Because Reproductive Rights are Human Rights

In April of 2018, the Department of State issued its annual congressionally mandated report on human rights practices in countries across the globe with a notable absence: there was no mention of women’s and girls’ reproductive health or rights.  

“This White House is attacking women by erasing them,” Rep. Katherine Clark (D-MA) declared at a press conference on the steps of the Capital. Surrounded by reproductive health and human rights supporters, Clark joined Rep. Barbara Lee (D-CA) and Senator Bob Menendez (D-NJ) to announce the introduction of the Reproductive Rights Are Human Rights Act, which would require the U.S. State Department to include reproductive rights in its annual human rights reports and consult with reproductive health and rights organizations in local communities to gather accurate information.

Unlike previous reports, which have documented the status of human rights and worker rights in nearly 200 countries and territories, the 2017 Country Reports on Human Rights Practices made no mention of rates of unsafe abortions, denials of family planning information, current research on maternal mortality or discrimination and violence against women in health care settings. The recently-issued 2018 report again failed to document reproductive rights violations around the world. 

Since 2011, similar human rights reports have contained a subsection on reproductive rights, which the Trump administration has now replaced with a new subsection titled “Coercion in Population Control.” For many of the country reports in 2017, all that this new subsection contains is the following statement: “There were no reports of coerced abortion, involuntary sterilization, or other coercive population control methods.”

Gone is the in-depth research about the many ways that governments in countries around the world are blocking women’s and girls’ access to reproductive health care services, including contraception and abortion.

“We are introducing this legislation because it is not up to the Trump Administration to pick and choose which rights matter to the health and well-being of billions of women worldwide,” Sen. Menendez told the crowd. “We must be unequivocal: Women’s rights are human rights, and human rights include reproductive rights.”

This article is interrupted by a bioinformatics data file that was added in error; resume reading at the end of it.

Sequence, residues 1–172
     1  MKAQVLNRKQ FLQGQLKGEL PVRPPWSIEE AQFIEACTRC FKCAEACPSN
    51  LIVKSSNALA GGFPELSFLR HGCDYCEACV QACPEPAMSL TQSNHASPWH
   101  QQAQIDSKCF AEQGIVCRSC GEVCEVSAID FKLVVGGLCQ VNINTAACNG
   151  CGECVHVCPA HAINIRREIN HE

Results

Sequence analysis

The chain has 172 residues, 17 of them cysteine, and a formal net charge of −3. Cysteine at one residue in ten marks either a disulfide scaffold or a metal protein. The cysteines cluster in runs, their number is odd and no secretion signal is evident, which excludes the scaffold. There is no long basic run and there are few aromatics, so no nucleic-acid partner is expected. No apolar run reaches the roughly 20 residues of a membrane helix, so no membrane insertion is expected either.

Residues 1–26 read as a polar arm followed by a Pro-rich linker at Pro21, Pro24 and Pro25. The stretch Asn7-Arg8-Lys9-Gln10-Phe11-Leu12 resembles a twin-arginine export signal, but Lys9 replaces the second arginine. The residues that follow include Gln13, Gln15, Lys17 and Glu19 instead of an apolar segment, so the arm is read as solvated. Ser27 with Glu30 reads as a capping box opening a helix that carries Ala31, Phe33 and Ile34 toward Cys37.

The State Department’s annual reports on the human rights practices in countries around the globe are a critical source of factual information for Congress when making appropriations and policy decisions. Immigration judges and asylum officers also use the reports to make asylum decisions for women feeling human rights abuses in their home countries.

As in other areas, such as the Trump administration’s decision to cease collecting information about the gender wage gap, the refusal to conduct research and report on women’s reproductive rights in the annual human rights report reflects an attempt to obscure and deny the oppression of women.

“Women around the world are subjected to gender-based violence as a tool of war, criminalized for seeking access to abortions and coerced into pregnancy by draconian laws that violate the autonomy all human beings deserve to have over their bodies,” Randi Weingarten, President of the American Federation of Teachers, said at the press conference in support of the Act. “When we erase this critical data from the official record at the State Department, we send women worldwide back into the shadows.”

The Trump administration has achieved this erasure by eliminating the government officials who might do this research or push back against its elimination. The administration has refused to appoint an ambassador-at-large to lead the Office of Global Women’s Issues and refused to fill other vacancies in the office. The administration has also withdrawn from the United Nations Human Rights Council and refused to accept consensus language on sexual and reproductive health and rights in U.N. resolutions; just this week, in negotiations with the Commission on the Status of Women, the Trump administration attempted to remove “gender” from UN human rights documents.

“This bill will ensure that the U.S. State Department includes comprehensive reporting on reproductive rights in its annual Country Reports on Human Rights Practices,” Nancy Northup, President and CEO of the Center for Reproductive Rights, said at the Capitol. The Center has twice sued the State Department under the Freedom of Information Act for refusing to release records about the erasure of reproductive rights from the human rights report.

“Access to reproductive healthcare has been recognized as a protected human right impacting women’s right to life, health, equality, non-discrimination and freedom from cruel, inhumane and degrading treatment,” Northup reminded the crowd, “and governments do not get to pick and choose whose rights will be respected.”

Watch the Full Press Conference:

About

Carrie N. Baker is Professor and Director of the Program for the Study of Women and Gender at Smith College. Her 2007 book The Women's Movement Against Sexual Harassment won the National Women’s Studies Association Sara A. Whaley Book Prize. Her second book, Fighting the US Youth Sex Trade: Gender, Race and Politics, tells the story of activism against youth involvement in the sex trade in the United States between 1970 and 2015.